to go outside now.

Maintain your landscape with Black & Decker:
http://www.holzemville.com/mall/blackanddecker

$Bill
05-08-07, 08:32 PM
Warren H wrote:
>
> So even though there may be a setting that can be changed in the Netgear
> router, that may not be the correct fix. The correct fix may be to find
> out what it is that is being sent to the router to cause it to crash.
>
> This differs from the question of what's being sent to the modem to
> cause it to crash. Nothing should cause a simple bridge to crash. But
> we're not talking about the simple bridge of the modem crashing. It
> seems that the modem is working correctly. It's the more complex router,
> which is operating at a higher level on the OSI model that's crashing,
> and it's not unheard of for a router to crash in this way. It's not just
> passing the packets. It's partially opening them.
>
> So what's in those packets that's causing the *router* (not the modem)
> to crash?
>
> That's my diagnosis. But in this case, the treatment goes beyond my
> level of training.
>
> Would going to DSL solve the problem? Depends on what kind of equipment
> they give you. If they give you a combo modem/router, and that router
> has the same hardware or the same settings, it probably won't solve the
> problem. But it's also possible that it could remain a problem with
> different routers, too because switching the modem type, and the network
> it's attached to is just changing things on the wrong side of where the
> problem is.

I wonder if Netgear has a modem similar to the one he has but separate
from the router ? If so, maybe he could swap the modem-router for just
a modem and use his Linksys for the router and see if there's a change.

What's the model number of this Netgear m-r ? I'm guessing it would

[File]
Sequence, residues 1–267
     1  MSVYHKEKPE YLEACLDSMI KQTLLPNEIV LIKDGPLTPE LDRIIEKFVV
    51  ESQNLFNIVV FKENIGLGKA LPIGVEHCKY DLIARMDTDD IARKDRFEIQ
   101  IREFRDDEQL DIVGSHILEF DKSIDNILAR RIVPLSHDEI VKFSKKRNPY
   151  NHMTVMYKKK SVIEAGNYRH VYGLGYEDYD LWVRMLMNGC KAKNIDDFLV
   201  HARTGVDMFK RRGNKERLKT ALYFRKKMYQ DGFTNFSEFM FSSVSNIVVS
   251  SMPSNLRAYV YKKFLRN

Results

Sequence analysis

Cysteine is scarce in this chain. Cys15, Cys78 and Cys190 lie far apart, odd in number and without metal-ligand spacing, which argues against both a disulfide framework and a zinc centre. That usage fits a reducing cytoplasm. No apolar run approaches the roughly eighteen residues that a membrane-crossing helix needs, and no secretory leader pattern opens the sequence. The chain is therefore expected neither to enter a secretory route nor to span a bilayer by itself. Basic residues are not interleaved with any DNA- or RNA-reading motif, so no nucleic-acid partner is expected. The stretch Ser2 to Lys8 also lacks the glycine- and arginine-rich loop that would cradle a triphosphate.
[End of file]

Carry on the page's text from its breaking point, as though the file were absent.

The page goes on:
have to be a CG814CPR or similar.

I'm still having problem with that stmt a while back that says they have
to use this specific modem-router and nothing else could possibly be
configured (or some such). There's got to be similar but separate hdw
that they can configure - like a separate Motorola/Linksys modem with a
separate Linksys/Netgear router.

Warren H
05-08-07, 08:54 PM
$Bill wrote:
>
> I wonder if Netgear has a modem similar to the one he has but separate
> from the router ? If so, maybe he could swap the modem-router for
> just
> a modem and use his Linksys for the router and see if there's a
> change.
>
> What's the model number of this Netgear m-r ? I'm guessing it would
> have to be a CG814CPR or similar.
>
> I'm still having problem with that stmt a while back that says they
> have
> to use this specific modem-router and nothing else could possibly be
> configured (or some such). There's got to be similar but separate hdw
> that they can configure - like a separate Motorola/Linksys modem with
> a
> separate Linksys/Netgear router.
>

For residential service, Comcast will allow you to use your own modem.
It doesn't work that way for business service. I'm sure that's mostly a
business, not a technical decision on their part, but there could be
some technical reason that I'm just not aware of.

So a different modem (or modem/router) is a step that Comcast has to be
willing to take in this case.

--
Warren H.

==========
Disclaimer: My views reflect those of myself, and not my
employer, my friends, nor (as she often tells me) my wife.
Any resemblance to the views of anybody living or dead is
coincidental. No animals were hurt in the writing of this